Monday, August 15, 2011

Moving The Prisoners and a Hodgepodge Question

Apparently 6 pigs is too much for 3200 square feet of space. How do people raise pigs in 64 sqft spaces?! After digging up the entire paddock and leaving it totally bare, the pigs decided it was time to move.  The spent the last week breaking into the goat paddock.  I can't have them in there as it's not secure.  They could easily break through and escape into the bush.

Limey's been working away pretty much any time he's awake so had I wait for him to take a day off so we could move the pigs.

Well at least they left us some rocks.  

Nice, new, secure (hopefully) paddock.

The move went smoothly. The new electric fence was set a foot inside the farm fence we had up in the old goat paddock. The following day the pigs had dumped about a foot of sod over the electric fence but they no longer seem to care about breaking out.

Unrelated to the pig part of this post, I'm going to attempt to make hodgepodge for supper.  So Nova Scotians, do you have any tips for me?  What is the best way to make hodgepodge?


  1. Not sure what is hodgepodge? Electric fence works great for pigs, as long as you remember that when they first touch it, they won't back away, they'll actually go through it! But after the first time, they'll back away from it.

  2. Hodgepodge is basically a mix of freshly picked veg cooked in cream and butter. It's supposed to be a Nova Scotia thing. They've been behind the electric for several months now but were so bored with moving around mud that they started shorting it out and escaping.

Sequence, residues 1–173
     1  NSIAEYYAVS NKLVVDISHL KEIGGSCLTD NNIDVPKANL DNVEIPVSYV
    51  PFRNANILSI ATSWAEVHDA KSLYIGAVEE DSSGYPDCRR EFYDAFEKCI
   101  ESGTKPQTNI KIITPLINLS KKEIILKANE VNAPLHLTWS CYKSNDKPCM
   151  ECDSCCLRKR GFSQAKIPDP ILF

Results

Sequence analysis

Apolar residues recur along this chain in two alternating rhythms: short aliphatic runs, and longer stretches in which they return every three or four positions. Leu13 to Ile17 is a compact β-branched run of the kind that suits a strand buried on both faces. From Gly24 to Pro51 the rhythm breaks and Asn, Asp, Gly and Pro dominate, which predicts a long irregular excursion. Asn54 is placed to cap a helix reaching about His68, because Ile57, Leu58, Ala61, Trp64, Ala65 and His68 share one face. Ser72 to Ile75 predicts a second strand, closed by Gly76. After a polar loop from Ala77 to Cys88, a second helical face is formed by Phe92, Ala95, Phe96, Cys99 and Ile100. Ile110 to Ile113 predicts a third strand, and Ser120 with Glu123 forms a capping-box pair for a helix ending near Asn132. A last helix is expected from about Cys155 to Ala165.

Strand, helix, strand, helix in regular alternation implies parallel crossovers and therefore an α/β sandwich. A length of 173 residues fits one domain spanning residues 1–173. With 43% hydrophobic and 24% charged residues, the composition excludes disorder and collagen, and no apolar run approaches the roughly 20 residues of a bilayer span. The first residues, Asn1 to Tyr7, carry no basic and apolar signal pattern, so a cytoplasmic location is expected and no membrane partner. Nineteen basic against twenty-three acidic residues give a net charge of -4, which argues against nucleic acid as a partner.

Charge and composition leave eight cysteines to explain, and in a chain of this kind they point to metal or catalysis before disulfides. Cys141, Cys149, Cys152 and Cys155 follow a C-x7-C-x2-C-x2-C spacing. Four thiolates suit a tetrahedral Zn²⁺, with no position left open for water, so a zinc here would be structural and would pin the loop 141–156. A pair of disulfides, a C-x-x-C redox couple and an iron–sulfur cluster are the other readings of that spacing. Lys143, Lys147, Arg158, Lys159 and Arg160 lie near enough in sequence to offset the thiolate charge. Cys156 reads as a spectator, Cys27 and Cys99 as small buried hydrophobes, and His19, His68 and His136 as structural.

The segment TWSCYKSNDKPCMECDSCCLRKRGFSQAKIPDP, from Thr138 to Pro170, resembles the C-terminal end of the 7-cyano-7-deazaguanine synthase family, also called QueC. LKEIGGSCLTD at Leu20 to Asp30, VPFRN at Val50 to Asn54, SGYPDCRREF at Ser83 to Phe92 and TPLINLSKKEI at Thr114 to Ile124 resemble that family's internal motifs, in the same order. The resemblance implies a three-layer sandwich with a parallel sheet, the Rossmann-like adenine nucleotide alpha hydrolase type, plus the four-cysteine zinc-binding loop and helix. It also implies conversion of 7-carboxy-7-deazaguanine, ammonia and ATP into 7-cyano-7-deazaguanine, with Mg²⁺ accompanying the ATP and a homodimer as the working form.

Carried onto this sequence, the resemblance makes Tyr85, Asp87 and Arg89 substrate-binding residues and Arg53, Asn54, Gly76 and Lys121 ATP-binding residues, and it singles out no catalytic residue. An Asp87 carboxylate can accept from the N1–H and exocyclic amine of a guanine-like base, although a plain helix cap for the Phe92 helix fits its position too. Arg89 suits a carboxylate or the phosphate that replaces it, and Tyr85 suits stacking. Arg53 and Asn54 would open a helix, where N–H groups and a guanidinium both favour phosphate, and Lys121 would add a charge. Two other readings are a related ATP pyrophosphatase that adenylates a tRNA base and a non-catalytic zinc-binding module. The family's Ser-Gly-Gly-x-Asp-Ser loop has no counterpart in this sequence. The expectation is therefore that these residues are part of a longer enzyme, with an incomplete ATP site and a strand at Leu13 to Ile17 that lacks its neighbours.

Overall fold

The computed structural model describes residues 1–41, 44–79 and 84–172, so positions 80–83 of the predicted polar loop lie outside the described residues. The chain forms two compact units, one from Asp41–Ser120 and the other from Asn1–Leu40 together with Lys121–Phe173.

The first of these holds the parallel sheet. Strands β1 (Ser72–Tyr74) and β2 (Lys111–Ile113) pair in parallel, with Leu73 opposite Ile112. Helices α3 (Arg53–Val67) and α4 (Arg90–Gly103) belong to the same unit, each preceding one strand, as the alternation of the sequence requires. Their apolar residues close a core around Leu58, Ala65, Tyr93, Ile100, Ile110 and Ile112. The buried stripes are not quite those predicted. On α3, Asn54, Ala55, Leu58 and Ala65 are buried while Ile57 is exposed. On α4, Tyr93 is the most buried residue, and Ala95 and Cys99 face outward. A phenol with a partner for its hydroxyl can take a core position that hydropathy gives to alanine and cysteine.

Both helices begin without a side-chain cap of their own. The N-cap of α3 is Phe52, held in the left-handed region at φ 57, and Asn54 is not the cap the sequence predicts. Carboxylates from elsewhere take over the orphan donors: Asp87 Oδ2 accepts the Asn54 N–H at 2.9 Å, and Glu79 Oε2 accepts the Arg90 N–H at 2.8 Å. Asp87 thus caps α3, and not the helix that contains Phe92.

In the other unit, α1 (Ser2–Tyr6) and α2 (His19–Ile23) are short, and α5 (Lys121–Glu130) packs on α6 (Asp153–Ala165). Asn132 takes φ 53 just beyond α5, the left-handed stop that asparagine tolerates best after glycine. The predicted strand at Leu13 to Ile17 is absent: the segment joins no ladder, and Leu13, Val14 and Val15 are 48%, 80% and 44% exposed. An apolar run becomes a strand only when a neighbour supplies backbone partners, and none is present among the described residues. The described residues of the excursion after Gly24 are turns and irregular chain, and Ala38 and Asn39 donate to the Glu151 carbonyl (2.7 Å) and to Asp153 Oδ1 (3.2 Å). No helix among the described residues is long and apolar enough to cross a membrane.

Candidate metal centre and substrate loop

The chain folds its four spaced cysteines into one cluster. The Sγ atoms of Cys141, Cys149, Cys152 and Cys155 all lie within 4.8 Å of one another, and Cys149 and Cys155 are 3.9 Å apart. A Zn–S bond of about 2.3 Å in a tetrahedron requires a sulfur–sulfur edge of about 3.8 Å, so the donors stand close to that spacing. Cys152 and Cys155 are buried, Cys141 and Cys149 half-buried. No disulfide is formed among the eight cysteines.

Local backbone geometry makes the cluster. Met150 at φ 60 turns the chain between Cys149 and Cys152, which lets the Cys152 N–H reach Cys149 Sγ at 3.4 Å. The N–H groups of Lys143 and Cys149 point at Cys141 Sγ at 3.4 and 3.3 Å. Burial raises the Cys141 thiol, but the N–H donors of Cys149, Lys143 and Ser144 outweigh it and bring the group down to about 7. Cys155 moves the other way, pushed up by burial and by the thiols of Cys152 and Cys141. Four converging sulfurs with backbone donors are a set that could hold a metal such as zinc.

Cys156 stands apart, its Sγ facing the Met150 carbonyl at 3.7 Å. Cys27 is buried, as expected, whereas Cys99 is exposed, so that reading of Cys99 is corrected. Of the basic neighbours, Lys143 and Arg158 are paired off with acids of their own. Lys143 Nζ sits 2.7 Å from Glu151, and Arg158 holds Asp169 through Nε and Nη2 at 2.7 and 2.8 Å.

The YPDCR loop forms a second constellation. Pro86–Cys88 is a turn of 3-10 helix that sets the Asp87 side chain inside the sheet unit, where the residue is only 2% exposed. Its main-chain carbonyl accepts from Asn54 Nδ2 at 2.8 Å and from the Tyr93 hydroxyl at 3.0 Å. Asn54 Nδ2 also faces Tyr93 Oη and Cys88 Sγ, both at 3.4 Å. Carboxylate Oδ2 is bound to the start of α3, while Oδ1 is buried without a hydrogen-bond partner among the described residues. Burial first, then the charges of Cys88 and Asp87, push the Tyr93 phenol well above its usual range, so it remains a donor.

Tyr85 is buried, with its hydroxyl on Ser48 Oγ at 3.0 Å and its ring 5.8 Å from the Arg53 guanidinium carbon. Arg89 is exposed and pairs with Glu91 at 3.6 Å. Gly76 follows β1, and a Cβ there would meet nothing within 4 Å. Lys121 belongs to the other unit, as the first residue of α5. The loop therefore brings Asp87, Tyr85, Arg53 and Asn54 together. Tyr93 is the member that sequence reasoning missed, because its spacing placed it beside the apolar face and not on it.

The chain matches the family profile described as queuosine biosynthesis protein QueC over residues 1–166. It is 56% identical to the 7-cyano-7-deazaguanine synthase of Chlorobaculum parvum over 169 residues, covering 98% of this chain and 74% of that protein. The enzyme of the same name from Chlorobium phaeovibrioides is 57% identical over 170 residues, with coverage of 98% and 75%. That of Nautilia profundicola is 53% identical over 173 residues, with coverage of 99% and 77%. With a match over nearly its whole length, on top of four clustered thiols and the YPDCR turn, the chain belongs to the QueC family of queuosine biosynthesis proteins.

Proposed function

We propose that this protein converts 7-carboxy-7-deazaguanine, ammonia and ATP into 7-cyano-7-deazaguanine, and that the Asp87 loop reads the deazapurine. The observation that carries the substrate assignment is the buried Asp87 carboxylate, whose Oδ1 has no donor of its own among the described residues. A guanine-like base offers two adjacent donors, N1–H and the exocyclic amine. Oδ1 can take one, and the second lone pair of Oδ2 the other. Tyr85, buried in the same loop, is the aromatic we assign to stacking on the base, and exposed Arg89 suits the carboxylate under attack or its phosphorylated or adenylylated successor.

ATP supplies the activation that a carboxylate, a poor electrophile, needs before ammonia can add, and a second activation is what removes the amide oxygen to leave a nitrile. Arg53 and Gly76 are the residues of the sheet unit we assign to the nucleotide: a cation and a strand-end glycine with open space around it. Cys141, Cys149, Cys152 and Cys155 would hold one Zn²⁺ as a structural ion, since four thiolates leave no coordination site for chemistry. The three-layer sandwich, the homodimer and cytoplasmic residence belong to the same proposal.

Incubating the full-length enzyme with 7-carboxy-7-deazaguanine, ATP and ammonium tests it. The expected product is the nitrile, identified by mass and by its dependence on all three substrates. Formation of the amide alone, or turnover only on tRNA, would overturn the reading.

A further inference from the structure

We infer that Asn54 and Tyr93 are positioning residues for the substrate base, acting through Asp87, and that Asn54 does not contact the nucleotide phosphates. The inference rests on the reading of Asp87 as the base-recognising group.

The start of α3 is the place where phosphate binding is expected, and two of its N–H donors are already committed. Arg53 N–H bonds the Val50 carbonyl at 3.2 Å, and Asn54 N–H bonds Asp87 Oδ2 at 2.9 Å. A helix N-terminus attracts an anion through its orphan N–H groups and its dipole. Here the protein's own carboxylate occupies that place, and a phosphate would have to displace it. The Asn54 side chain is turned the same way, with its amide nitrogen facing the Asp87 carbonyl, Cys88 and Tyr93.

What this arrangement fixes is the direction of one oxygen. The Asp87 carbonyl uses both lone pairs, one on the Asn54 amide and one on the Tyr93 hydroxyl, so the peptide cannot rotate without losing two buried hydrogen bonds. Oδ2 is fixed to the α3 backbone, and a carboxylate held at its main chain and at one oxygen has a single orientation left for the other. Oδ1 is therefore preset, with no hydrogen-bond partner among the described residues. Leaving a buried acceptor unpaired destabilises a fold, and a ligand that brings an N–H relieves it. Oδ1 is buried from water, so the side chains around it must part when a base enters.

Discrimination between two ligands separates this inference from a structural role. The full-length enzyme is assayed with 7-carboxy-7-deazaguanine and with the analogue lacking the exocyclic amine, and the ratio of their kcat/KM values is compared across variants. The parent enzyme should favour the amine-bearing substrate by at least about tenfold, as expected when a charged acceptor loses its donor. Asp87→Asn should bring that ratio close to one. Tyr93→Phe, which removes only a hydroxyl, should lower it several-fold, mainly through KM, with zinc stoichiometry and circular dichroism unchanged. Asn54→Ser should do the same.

3. Yeah, that was one thing we had to keep a constant eye on. The mud they would gather around the wires.

  4. No tips on the Hodge Podge. Even though I was raised in NS my mom was from Ontario so we never had it growing up. I had it for the first time 10 years ago and it was marvelous.

    I imagine you could use your favourite chowder base although I've been told MY fav is no good becuase it calls for canned milk rather then fresh cream. :D

  5. All I ended up doing was steaming a bunch of veg. I drained them and added them back to the pot with 1/4 cup of butter and 3/4 cup of heavy cream. Salt and pepper to taste and it was fab.

  6. For not knowing how to make hodge podge you pretty well hit it right on the head.Baby potatoes, string beans and peas is the way I learned it many moons ago.

  7. I used those veg as well as some tiny carrots. I was surprised at how well it thickened with just the butter and cream. It was a lot tastier than I expected, even the kids loved it.

  8. I got a good grin from this post. One of my contemplated uses for our future pigs, is tilling the grain field. Your photos are a convincing argument that this would work!

    Having some Nova Scotian ancestry, I was very interested in the hodgepodge. Sounds yummy.